Manager Dave Roberts Cuts Big Tie to Mattingly Era

netchuc
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Every first-year manager has the arduous task of grooming his team’s image to match his vision, and rookie manager Dave Roberts certainly has his work cut out for him in Los Angeles. In one of his first major breaks away from the “Mattingly Way”, Roberts has declared the era of personal catchers for starting pitchers has come to an end.

Make no mistake, the idea of a personal catcher was very important for previous manager Don Mattingly, Clayton Kershaw and A.J. Ellis. Since 2012, Ellis has sat behind the dish for 80% (102) of Kershaw’s starts. The only other duo with more coupled starts (109) is Madison Bumgarner and Buster Posey up in the bay.

Mattingly had used Yasmani Grandal in place of Ellis on occasion last season, but Roberts has tossed the entire idea in no uncertain terms. Roberts said,

"“…the idea of a personal catcher, I don’t see that happening.”"

This move was big enough that Roberts wisely sat down with Kershaw and Ellis and informed them of his decision before saying anything to the press. It was a mature gesture that showed respect to the players, while establishing his authority.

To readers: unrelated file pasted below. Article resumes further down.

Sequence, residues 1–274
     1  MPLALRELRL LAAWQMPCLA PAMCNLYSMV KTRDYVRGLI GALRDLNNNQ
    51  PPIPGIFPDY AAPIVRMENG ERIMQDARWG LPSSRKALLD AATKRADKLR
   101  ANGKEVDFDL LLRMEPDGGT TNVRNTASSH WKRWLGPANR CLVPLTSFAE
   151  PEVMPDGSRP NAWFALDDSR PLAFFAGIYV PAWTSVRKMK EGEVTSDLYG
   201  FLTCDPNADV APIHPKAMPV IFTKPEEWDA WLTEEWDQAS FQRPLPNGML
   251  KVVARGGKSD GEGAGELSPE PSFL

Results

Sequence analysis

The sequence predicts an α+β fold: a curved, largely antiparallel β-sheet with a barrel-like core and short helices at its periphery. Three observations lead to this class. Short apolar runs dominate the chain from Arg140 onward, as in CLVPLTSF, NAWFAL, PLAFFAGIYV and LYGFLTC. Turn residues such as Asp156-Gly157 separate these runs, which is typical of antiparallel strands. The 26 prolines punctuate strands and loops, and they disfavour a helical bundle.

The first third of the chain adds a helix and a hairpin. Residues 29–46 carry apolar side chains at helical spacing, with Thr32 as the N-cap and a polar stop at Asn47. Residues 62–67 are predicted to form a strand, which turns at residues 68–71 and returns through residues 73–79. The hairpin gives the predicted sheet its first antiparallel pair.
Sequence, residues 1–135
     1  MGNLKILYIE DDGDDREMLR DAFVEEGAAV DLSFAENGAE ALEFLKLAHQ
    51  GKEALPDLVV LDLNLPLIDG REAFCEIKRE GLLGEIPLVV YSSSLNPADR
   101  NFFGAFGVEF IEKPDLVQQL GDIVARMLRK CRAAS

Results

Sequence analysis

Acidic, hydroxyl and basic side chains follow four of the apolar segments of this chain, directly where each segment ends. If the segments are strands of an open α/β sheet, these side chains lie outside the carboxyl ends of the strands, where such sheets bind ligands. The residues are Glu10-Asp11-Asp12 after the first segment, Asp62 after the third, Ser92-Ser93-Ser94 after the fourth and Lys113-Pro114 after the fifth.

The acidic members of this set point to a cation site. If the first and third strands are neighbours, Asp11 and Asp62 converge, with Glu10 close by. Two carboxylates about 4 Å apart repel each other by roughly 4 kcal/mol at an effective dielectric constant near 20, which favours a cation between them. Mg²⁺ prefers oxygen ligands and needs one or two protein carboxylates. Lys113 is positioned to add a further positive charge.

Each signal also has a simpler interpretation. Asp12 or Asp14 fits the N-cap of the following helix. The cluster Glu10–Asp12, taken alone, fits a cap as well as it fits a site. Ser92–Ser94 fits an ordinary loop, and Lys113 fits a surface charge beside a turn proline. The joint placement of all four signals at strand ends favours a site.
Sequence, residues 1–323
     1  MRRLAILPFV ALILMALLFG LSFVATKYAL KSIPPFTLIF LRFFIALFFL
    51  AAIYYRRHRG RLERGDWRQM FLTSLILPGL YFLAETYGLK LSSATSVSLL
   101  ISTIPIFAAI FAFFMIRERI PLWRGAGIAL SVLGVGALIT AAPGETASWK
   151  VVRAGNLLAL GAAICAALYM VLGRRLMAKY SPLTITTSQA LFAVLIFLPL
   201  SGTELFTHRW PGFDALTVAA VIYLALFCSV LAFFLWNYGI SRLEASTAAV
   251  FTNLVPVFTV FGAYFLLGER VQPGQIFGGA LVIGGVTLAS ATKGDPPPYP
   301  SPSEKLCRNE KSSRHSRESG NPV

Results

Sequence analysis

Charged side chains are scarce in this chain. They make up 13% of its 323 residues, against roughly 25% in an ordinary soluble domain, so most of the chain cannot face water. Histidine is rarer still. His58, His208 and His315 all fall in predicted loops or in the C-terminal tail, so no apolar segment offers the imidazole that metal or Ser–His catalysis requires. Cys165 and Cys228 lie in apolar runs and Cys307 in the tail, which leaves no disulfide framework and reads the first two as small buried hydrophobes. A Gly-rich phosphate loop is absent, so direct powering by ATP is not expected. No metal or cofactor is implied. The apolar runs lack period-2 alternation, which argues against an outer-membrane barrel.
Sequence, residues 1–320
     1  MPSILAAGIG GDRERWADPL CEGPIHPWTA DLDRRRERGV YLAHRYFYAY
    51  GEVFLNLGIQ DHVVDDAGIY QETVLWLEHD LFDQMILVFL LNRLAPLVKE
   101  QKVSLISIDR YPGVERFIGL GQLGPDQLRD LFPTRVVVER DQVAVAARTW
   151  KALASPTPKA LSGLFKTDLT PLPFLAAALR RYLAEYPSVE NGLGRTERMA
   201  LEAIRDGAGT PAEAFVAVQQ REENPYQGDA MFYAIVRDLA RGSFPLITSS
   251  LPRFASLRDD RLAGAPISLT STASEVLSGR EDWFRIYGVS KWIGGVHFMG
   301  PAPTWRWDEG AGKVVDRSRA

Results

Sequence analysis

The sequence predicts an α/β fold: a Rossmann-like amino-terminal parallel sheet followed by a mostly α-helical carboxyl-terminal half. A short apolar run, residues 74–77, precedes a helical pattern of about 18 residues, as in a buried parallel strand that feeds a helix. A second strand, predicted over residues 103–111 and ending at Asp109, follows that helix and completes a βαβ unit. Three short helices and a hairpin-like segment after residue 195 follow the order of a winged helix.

When a new skipper comes in, he will inevitably face some opposition to changing things from how they were done in the past. He’ll have to choose upon which hills he wants to plant his flag and not budge. This could be one of those times. However, it’s also a very good move for Roberts.

He will end a connection to the previous regime, and it’s a sound baseball decision. Kershaw and Ellis may very well have ESP when it comes to being a battery, but when A.J. Ellis is a hole in the lineup (as he was for at least half of 2015), his presence actually hurts his pitcher.

Last season Kershaw showed that he can pitch well enough with Grandal behind the plate, so there is no reason to sit Grandal automatically just because it’s Kershaw’s turn in the rotation. Eliminating personal catching days also gives Roberts more flexibility in managing lineups as the season progresses. He can sit or play catchers based on matchups, injuries, or hot streaks without regard to who’s personal day is coming up.

Although I’m as optimistic about the Dodgers’ players as everyone else is in Spring Training, I’m hoping to see Roberts take things a step further and really open up the opportunities for Austin Barnes to break into the lineup if Ellis can’t get things started this April and May.

This was no small step for the rookie manager, and I like the direction in which he’s headed.

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